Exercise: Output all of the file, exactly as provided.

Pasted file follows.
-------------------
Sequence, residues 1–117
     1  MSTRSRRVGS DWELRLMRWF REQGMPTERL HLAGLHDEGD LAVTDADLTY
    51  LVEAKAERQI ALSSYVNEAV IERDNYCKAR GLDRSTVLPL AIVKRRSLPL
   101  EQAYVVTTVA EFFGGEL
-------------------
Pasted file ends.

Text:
Sequence, residues 1–117
     1  MSTRSRRVGS DWELRLMRWF REQGMPTERL HLAGLHDEGD LAVTDADLTY
    51  LVEAKAERQI ALSSYVNEAV IERDNYCKAR GLDRSTVLPL AIVKRRSLPL
   101  EQAYVVTTVA EFFGGEL